The heightened intensity of wildfires in the Western United States, along with other human factors, are short-circuiting the natural processes of rebirth.
Sep 21, 2015 The New York Times
Eric Jaffe of CityLab looks at what went wrong with what should have been a clear way to employ technology to reduce crashes and save lives, and what can be done to stem the tide of cities removing red light cameras.
Aug 18, 2015 CityLab
The Environmental Protection Agency finds itself in a peculiar place. Normally it investigates spills caused by the private sector. Now it's cleaning up a massive spill it caused while investigating a leak at an abandoned mine in southwest Colorado.
Aug 10, 2015 The New York Times - U.S.
Partly absorbed by 1-10 and party given over the ravages of time—the Old Spanish Trail was the first to highway to connect the East Coast to the West Coast through the southern states.
Aug 9, 2015 Atlas Obscura
Albuquerque is working on a multi-modal reconfiguration of the old Route 66.
Jun 16, 2015 Albuquerque Journal
Devoid of a human population, the Center for Innovation, Testing and Evaluation (CITE) is a planned, privately-operated trial lab for the smart city. The CITE design calls for a small, fully-functioning ghost town.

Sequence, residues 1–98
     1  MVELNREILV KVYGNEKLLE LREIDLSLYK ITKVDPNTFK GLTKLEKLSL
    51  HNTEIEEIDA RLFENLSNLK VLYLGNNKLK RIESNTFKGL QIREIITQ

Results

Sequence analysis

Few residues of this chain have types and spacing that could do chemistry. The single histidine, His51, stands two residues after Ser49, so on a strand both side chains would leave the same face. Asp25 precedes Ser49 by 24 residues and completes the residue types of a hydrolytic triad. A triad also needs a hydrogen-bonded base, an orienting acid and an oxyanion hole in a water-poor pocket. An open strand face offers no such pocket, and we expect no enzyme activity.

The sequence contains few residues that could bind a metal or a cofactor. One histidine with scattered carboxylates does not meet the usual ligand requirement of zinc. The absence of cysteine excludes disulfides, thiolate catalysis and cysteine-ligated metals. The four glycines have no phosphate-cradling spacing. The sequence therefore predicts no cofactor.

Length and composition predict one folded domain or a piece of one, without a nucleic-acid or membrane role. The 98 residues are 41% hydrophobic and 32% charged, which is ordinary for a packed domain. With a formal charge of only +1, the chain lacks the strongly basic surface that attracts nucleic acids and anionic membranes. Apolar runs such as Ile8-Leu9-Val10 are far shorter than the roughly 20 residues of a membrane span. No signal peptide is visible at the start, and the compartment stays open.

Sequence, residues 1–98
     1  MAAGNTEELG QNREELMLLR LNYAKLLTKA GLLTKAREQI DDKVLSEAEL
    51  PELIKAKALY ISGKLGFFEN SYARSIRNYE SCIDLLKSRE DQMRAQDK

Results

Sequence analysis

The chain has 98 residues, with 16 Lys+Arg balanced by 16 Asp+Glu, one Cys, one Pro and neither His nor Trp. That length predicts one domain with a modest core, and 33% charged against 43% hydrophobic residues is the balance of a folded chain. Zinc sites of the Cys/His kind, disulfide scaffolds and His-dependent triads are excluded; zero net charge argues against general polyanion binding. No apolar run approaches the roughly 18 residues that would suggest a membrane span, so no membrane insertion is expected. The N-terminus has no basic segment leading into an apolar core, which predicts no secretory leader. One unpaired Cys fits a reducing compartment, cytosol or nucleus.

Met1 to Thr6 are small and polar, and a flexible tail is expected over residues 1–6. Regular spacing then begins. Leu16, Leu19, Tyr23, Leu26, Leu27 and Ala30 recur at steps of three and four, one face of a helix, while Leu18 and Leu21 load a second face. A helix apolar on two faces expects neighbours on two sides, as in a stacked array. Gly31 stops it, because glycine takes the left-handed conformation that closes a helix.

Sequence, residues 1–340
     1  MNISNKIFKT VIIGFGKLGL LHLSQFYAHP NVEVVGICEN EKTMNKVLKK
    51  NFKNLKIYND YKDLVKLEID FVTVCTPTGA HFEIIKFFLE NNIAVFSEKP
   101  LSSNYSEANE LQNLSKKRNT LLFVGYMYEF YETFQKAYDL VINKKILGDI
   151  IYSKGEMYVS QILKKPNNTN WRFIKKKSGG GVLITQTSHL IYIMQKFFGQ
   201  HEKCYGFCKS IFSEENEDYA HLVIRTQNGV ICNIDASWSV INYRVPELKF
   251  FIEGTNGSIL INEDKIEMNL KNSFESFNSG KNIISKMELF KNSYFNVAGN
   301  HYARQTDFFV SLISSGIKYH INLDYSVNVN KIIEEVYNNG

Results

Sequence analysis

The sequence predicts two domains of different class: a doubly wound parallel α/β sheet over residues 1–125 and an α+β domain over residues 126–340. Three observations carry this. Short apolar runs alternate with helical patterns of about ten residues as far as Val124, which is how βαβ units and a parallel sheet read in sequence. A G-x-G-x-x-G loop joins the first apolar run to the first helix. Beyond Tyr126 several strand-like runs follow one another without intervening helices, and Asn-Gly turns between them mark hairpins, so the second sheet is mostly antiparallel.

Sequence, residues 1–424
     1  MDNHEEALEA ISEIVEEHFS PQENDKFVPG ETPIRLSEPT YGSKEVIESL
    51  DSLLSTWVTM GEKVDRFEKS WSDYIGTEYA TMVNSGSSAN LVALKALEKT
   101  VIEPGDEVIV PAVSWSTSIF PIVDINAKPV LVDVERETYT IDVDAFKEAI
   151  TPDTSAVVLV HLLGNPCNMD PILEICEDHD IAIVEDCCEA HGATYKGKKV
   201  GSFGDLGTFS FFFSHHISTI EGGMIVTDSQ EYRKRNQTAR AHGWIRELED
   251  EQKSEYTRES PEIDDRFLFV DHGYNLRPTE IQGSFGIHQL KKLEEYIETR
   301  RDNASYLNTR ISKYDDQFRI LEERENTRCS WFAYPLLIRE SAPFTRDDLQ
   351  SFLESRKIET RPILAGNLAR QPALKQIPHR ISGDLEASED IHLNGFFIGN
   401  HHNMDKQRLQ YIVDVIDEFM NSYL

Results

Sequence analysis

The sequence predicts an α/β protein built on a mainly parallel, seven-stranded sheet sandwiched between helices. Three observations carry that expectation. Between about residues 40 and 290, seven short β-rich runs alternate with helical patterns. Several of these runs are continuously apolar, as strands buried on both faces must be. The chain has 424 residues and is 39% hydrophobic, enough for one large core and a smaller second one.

Jun 11, 2015 Wired
A master-planned community proposed for land owned by the British bank Barclay's on the outskirts of Albuquerque would be New Mexico's second-largest city on full build-out. Opponents say it would also be a major water hog in a painfully arid state.
May 31, 2015 The Guardian
The Citi Foundation and Living Cities announced $3 million in grant funding to help cities adopt innovative practices in community engagement. Albuquerque, Atlanta, Baltimore, New Orleans, and Seattle will have 18 months to empower citizens.
May 22, 2015 Next City
A tale of two water-parched cities, one in California, the other in New Mexico, and the critical role played by tiered water pricing. Long known as an effective economic strategy to reduce consumption, tiered pricing also influences equity.
May 7, 2015 The New York Times
Scientists from the Santa Fe Institute have discovered basic patterns underlying the way cities have always grown. The mechanics of "urban scaling" may have something fundamental to tell us about how large settlements evolve.
Mar 1, 2015 Christian Science Monitor